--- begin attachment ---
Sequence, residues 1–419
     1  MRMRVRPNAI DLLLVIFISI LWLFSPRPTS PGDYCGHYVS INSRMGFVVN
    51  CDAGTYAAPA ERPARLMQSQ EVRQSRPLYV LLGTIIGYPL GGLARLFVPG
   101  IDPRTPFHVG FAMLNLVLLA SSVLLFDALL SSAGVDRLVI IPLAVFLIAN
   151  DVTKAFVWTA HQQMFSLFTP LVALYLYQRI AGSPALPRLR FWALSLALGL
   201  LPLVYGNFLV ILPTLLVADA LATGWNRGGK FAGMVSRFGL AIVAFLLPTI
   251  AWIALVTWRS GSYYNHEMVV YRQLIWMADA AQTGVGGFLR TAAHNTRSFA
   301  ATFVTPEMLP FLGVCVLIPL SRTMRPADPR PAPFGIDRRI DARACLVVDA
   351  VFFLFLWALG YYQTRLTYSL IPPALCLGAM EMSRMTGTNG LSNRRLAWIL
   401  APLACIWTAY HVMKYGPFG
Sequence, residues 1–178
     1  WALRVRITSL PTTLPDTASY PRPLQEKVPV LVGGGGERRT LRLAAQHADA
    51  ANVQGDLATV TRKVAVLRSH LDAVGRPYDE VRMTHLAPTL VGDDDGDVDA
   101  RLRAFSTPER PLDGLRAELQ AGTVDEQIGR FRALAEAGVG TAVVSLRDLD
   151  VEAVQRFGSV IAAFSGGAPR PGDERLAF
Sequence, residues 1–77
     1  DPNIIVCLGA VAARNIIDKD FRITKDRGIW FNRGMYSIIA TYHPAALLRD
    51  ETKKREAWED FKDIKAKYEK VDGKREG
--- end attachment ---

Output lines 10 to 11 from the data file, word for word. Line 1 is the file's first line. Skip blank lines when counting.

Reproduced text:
   401  APLACIWTAY HVMKYGPFG
Sequence, residues 1–178